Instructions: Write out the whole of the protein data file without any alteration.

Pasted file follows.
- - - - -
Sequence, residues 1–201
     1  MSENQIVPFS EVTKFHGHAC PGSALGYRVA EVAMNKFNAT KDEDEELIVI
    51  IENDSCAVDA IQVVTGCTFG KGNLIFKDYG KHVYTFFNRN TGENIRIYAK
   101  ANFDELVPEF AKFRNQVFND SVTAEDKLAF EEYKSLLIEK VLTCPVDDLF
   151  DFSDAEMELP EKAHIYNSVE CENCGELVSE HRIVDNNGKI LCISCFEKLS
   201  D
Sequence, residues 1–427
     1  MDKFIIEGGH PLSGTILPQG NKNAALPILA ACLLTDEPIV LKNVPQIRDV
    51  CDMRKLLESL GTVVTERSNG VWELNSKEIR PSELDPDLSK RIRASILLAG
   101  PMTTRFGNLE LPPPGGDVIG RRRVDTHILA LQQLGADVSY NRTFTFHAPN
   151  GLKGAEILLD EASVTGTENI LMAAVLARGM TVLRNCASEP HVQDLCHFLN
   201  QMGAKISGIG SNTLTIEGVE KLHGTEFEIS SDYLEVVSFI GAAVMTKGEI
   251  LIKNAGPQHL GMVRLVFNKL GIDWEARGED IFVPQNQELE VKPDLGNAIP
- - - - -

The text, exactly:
Sequence, residues 1–201
     1  MSENQIVPFS EVTKFHGHAC PGSALGYRVA EVAMNKFNAT KDEDEELIVI
    51  IENDSCAVDA IQVVTGCTFG KGNLIFKDYG KHVYTFFNRN TGENIRIYAK
   101  ANFDELVPEF AKFRNQVFND SVTAEDKLAF EEYKSLLIEK VLTCPVDDLF
   151  DFSDAEMELP EKAHIYNSVE CENCGELVSE HRIVDNNGKI LCISCFEKLS
   201  D
Sequence, residues 1–427
     1  MDKFIIEGGH PLSGTILPQG NKNAALPILA ACLLTDEPIV LKNVPQIRDV
    51  CDMRKLLESL GTVVTERSNG VWELNSKEIR PSELDPDLSK RIRASILLAG
   101  PMTTRFGNLE LPPPGGDVIG RRRVDTHILA LQQLGADVSY NRTFTFHAPN
   151  GLKGAEILLD EASVTGTENI LMAAVLARGM TVLRNCASEP HVQDLCHFLN
   201  QMGAKISGIG SNTLTIEGVE KLHGTEFEIS SDYLEVVSFI GAAVMTKGEI
   251  LIKNAGPQHL GMVRLVFNKL GIDWEARGED IFVPQNQELE VKPDLGNAIP